|Publication number||US4345968 A|
|Application number||US 06/296,754|
|Publication date||Aug 24, 1982|
|Filing date||Aug 27, 1981|
|Priority date||Aug 27, 1981|
|Also published as||DE3275333D1, EP0086816A1, EP0086816A4, EP0086816B1, WO1983000660A1|
|Publication number||06296754, 296754, US 4345968 A, US 4345968A, US-A-4345968, US4345968 A, US4345968A|
|Inventors||Mary Ellen B. Coe|
|Original Assignee||Ncr Corporation|
|Export Citation||BiBTeX, EndNote, RefMan|
|Patent Citations (2), Non-Patent Citations (7), Referenced by (27), Classifications (13), Legal Events (12)|
|External Links: USPTO, USPTO Assignment, Espacenet|
The invention, as illustrated and described hereinafter, relates to apparatus and methods for determining the end point of a plasma etch sequence during the fabrication of integrated circuit (IC) wafers. Theoretical analyses involving pneumatic and chemical relationships, together with characterizations of the closed loop operation, are combined with empirical data to develop the system interrelationships and isolate the measurable parameters. In an exemplary manner of exercising the invention, the molar content of the plasma etching chamber is maintained substantially constant by sensing chamber pressure and regulating input gas flow. According to that arrangement, the end point is detected by a distinct variation in the dynamics of the etchant gas flow rate.
With greater particularity, one form of the invention includes inner and outer feedback control loops together regulating the proportioned flow rates of multiple etchant gases in response to the chamber pressure. The flow rates of the gases are regulated to maintain a fixed ratio therebetween, while the combined flow is responsive to chamber pressure. The chemical composition of the gases within the chamber is indicative of the etching progress and is evidenced parametrically by changes in the molar content of the chamber. A vacuum pump, operated to remove chamber gases at a constant rate of volumetric flow, couples the parameters representing chamber pressure to those representing the molar content within the chamber when the input gas flow is regulated to maintain a constant pressure. In effect, end point related changes in the chemical composition of the chamber gas appear as variations in the flow rate of the gases entering the chamber.
One embodiment includes apparatus and methods by which the pressure controller regulating the input gases prescribes a specified ratio between the flow rates of the two gases. Furthermore, in addition to regulating the flow rate of the composite gas into the chamber, each individual gas includes an inner feedback loop coupling the respective gas servo valve with a corresponding flow meter. Again, variations in the conditions within the chamber are perceived as pressure changes and eventually converted to proportional adjustments in the flow rates of the two gases.
Gas flow plots of typical etching sequences are illustrated and described to provide one with a comprehensive understanding of the flow characteristics corresponding to the end point of etching. Included within the group of examples are etches involving photoresist, polycrystalline silicon, tungsten silicide and a sandwich of tungsten silicide/polycrystalline silicon.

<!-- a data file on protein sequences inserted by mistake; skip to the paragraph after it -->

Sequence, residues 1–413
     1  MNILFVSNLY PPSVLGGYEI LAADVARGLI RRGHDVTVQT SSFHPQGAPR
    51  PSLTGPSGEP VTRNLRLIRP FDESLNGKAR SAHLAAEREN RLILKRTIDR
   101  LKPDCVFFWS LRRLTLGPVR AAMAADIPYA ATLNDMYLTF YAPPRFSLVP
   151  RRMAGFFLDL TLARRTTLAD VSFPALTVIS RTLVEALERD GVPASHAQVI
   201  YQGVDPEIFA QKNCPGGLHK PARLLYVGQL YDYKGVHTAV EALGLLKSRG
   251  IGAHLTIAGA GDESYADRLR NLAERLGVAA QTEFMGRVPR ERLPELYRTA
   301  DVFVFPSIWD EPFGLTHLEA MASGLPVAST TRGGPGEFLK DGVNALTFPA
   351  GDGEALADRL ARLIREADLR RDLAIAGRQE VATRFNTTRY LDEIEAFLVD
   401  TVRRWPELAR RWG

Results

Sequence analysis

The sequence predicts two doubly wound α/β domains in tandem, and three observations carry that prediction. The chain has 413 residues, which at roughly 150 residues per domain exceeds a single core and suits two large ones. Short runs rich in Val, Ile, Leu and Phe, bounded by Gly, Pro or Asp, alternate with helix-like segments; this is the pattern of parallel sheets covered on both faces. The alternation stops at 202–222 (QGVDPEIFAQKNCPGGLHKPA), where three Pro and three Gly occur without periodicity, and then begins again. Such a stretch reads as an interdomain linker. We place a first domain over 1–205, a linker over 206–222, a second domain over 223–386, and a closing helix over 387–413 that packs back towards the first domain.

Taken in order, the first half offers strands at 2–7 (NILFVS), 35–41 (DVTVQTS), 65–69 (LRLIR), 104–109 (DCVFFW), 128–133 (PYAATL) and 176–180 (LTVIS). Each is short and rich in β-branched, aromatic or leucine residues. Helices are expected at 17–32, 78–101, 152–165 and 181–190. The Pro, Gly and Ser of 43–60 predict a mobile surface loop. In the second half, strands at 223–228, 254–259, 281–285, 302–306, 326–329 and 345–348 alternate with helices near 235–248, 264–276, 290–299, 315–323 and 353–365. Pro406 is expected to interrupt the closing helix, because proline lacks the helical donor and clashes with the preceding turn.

FIG. 1 contains a schematic of the composite system.
FIG. 2 presents a block diagram schematically showing the feedback loops characterizing the embodiment.
FIG. 3 is a schematic diagram of the interface circuit used with the system in FIG. 1.
FIGS. 4A and 4B are strip chart presentations of gas flow rates for etch sequences involving polycrystalline silicon layers.
FIGS. 5A and 5B are strip chart presentations of gas flow rates for etch sequences involving a photoresist layer and a sandwich layer of tungsten silicide/polycrystalline silicon, respectively.
Plasma etching processes have gained great importance in recent years as substitutes for wet chemical etching processes in the fabrication of integrated circuits (ICs). The present invention deals with one aspect of the processes involving this technology, namely, the precise and reproducible determination of when plasma etching should be terminated, commonly known as end point detection.
Recognizing the extensive availablity of literature dealing with plasma etching techniques and equipment, one skilled in the art is undoubtedly already aware of the importance attributed to end point detection. An illustrative recent article, summarizing the recognized technology of end point detection, is printed in the April 1981 issue of Solid State Technology, entitled "Methods of End Point Detection for Plasma Etching" and authored by P. J. Marcoux et al.
At present, the emission spectroscopy method of end point detection has the greatest following of users. Recent plasma etching process developments have, unfortunately, refined and altered recognized procedures to the point where conventional optical methods are no longer capable of providing the precision sought under controlled laboratory conditions, and are clearly inadequate for a volume manufacturing environment. In part, this is attributable to the increased concentration of oxygen in the etchant gas, displacing more of the fluorine-based gas upon which the optical methods strongly rely. A review of the literature and hardware associated with implementing most optical methods also suggests a dire need for greater simplicity and a lower cost.
To these ends, the present invention describes and illustrates a novel method of end point detection. The method is distinguishable not only by its departure from the generally recognized norm, but also its refinement of that departure to regulate and detect the progress of etching by monitoring the effects of a closed loop operation. Namely, the method relies upon measurements of actual gas flow, in the setting of a feedback loop control which maintains a constant chamber pressure by varying the flow rates of the various gases. The gas flow rates are related, in the manner described, to the chemical reactions occurring within the chamber.